Would I bet on that? Not even for a second. But I see no reason not to cheer on the symbolic and occasionally even substantive libertarian tack by Republicans. Now if only we could get more Democrats to play along….

NEXT: Not Fitting in Elite Notions of Success Does Not Make Latinos Losers

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  1. Nice beaver!

    Adam “vs. The Man” Kokesh leaned in

    As I recall the Man won.

    Would I bet on that? Not even for a second. But I see no reason not to cheer on the symbolic and occasionally even substantive libertarian tack by Republicans. Now if only we could get more Democrats to play along….

    It’s a helluva lot more likely to happen to the GOP than the other Team. How could we possible get Democrats to jettison the anti-captitalist, pro-state bullshit? That’s their raison d’etre: markets don’t work, we need more government.

    1. I wouldn’t be surprised if 10 years from now the GOP is lite-libertarian and the Dems are Progressive Borg, with any pragmatic elements sidelined or actively expelled. Back to the olden times. The Woodrow Wilson times.

      1. 10? I’d think 1. Maybe 3.

      2. SoCons outnumber lite-libertarians 4-1.

        How in the hell are they going away?

        1. Dying off, dipshit.

          Because social movements aren’t fucking dynastic.

          4:1, though? Care to back that up?

  2. Not a new story. Ron Paul won the CPAC straw poll twice. Young Republicans are much more libertarian than the conservative old fogeys.

  3. Nick, you were doing so splendidly well with the “low hanging fruit of the conservative freak show” that appeals to journalists and your fully tonal independent edge!

    Then sadly , you have the pre-conditions for a more libertarian GOP ….. you folded a winning hand.

    It is about Independents!

    1. Palin’s Buttplug|3.7.14 @ 7:18PM|#
      “Nick, you were doing so splendidly well…”

      Hey, Mr Less than 8-1/2%! First, it’s Matt.
      And then, have you read Matt’s comparison between Reagan and your fave lying bastard?
      “Mourning in America”. Yep, good read. That POS is more pathetic than I thought.
      Oh, and I got a number for you: EIGHT. As in 8%!

      1. Brother, sister face meth, incest charges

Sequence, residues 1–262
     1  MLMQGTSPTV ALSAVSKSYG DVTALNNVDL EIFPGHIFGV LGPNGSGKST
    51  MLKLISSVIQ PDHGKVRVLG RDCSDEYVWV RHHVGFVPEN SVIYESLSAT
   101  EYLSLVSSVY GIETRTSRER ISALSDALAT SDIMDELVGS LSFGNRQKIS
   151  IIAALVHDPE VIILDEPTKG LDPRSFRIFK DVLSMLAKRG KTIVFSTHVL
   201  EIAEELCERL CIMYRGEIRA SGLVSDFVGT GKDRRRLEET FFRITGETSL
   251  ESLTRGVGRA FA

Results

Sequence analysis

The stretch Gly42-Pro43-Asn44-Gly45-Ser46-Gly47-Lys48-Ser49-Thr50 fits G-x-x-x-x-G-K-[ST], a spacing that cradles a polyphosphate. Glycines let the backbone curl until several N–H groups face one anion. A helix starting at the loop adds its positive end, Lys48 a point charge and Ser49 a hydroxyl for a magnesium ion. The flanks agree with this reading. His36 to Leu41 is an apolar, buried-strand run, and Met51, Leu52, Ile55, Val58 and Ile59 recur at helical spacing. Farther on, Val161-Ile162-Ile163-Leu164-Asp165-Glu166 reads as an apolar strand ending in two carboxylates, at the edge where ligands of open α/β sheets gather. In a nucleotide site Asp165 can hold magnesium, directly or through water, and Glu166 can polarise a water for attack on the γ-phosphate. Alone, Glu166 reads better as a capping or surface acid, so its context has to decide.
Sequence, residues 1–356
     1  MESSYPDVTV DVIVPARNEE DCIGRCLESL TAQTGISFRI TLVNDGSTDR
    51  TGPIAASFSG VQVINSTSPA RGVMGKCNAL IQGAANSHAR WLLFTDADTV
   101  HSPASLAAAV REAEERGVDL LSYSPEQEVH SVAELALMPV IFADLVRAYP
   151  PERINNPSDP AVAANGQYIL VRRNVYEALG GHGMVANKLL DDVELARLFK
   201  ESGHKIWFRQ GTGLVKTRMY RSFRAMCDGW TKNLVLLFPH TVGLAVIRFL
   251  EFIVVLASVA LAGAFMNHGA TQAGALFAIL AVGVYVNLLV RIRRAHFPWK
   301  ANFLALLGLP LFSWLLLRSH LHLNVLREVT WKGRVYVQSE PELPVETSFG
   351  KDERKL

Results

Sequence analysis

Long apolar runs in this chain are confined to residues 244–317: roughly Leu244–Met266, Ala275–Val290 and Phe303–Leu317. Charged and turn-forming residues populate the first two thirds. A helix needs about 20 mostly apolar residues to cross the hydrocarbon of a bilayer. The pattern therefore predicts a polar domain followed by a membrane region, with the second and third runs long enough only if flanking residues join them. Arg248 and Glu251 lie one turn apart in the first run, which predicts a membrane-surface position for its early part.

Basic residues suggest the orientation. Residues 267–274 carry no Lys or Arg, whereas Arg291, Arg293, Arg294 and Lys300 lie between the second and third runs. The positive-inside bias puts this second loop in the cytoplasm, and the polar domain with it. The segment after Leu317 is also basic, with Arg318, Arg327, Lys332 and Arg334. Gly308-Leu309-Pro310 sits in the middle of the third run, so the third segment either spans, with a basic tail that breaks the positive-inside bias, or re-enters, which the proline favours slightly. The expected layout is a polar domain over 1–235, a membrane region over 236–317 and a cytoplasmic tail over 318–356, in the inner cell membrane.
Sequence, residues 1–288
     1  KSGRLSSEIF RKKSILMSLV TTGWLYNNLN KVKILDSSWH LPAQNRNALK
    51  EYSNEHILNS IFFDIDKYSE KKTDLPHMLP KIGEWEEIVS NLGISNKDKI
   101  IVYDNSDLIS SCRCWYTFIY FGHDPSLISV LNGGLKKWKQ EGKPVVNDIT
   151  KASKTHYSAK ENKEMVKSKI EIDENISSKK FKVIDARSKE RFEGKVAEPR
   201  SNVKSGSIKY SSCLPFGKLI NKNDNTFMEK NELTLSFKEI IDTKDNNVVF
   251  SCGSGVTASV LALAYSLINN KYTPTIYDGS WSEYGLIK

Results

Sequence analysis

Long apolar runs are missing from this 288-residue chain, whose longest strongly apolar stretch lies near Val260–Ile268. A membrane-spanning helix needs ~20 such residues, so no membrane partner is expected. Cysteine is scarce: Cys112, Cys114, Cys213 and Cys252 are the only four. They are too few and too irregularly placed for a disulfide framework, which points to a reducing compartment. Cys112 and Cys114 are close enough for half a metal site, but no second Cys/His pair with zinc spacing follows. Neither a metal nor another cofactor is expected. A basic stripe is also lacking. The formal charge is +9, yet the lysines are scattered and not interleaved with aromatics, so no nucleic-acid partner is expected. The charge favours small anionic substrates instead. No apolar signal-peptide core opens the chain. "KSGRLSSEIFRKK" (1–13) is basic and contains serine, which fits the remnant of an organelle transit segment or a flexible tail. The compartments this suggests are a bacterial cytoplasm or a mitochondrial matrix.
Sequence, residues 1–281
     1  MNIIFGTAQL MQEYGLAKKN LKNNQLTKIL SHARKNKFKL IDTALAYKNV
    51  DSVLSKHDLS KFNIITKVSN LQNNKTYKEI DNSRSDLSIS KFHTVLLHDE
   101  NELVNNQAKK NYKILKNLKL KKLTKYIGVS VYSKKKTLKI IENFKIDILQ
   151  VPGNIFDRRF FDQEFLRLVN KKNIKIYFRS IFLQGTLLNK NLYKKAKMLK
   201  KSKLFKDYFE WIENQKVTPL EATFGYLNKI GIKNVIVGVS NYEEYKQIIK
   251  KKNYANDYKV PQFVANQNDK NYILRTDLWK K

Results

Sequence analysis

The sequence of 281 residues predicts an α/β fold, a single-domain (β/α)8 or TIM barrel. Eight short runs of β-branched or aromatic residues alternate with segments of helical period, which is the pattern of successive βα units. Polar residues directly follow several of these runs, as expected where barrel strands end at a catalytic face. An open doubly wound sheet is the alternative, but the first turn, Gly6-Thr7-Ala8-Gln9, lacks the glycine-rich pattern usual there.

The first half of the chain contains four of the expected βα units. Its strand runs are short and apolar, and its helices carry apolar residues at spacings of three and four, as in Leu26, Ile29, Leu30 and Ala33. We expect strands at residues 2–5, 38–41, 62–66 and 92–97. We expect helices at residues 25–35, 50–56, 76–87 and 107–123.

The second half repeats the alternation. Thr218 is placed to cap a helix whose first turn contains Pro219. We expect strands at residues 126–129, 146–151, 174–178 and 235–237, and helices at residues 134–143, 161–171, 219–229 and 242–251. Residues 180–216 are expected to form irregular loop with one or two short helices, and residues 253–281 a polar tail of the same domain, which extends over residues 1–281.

Cameron Beck and Charlene Ellet are being held on meth and incest charges in Texas. (Montgomery County Jail)

        Some forms of drugs and sex remain illegal.

        In Texas, a half-brother and sister arrested for meth possession were also slapped with “prohibited sexual conduct” after making out in jail.

        http://blogs.ajc.com/news-to-m…..t-charges/

        Sevo caught!

        1. Palin’s Buttplug|3.7.14 @ 7:27PM|#
          “Brother, sister face meth, incest charges”

          Hey, Mr. Lying Asshole! Have you seen Matt’s take down of your fave lying bastard?
          Or is lying just to much of your schtick to care?

    2. It was Matt, you moron.

      1. They are collectivists on the royalties.

        1. Palin’s Buttplug|3.7.14 @ 7:29PM|#
          “They are collectivists on the royalties.”

          Matt’s got a really good column on your fave slimy bastard, Mr. 8%!

        2. Do you ever get tired of being wrong and making an ass of yourself?

          8 8 8 8 8 8 8 8

    3. Shrike’s right. And if the GOP can get just an 8% advantage of the Independents, they’ll win.

      1. Do I want to know what the 8% thing is about?

        1. “Do I want to know what the 8% thing is about?”
          Dipshit posted a link showing getting O-care repealed isn’t going to be easy. And right there in the copy was a note that 8% of the public actually liked the disaster.
          He obviously hadn’t bothered to read his own link or it was the best one he could find even with that admission.

          1. That’s mildly dumb, but it doesn’t really seem to achieve Shriek’s 50 Worst Hits status or deserve so much repetition.

            1. Zakalwe|3.7.14 @ 7:40PM|#
              “That’s mildly dumb, but it doesn’t really seem to achieve Shriek’s 50 Worst Hits”

              I’m sure we’re open to suggestions; what’s your fave?

          2. that 8% of the public actually liked the disaster

            Liar. The poll said 8% would make NO CHANGES to the ACA at all.

            As I have noted fewer than that would not change the US Constitution.

            1. Palin’s Buttplug|3.7.14 @ 7:41PM|#
              “that 8% of the public actually liked the disaster”
              Liar. The poll said 8% would make NO CHANGES to the ACA at all.”

              Sleazeball, that’s pretty much a match.
              Go fuck your daddy, Mr 8%.

        2. Sophomoric humor.

          I cited a poll that the Peanuts don’t like too much.

          1. Palin’s Buttplug|3.7.14 @ 7:38PM|#
            “Sophomoric humor.”

            Here’s a gun, diphshit. Please shoot yourself in the foot again. It’s very amusing, especially when you claim to be a great shot.

          2. You cited a poll you showed no comprehension of. You cite shit all the time that you clearly have not read and actually supports your opponents position. That’s why we destroy you.

            1. Bullshit, you fuckhole.

              The poll said that on repealing the ACA the numbers were the lowest ever at 31%.

              The idiots here keep claiming the ACA is an “electoral disaster” for the Dems.

              Well why don’t the polls show it, dickhead? They do not in fact show it!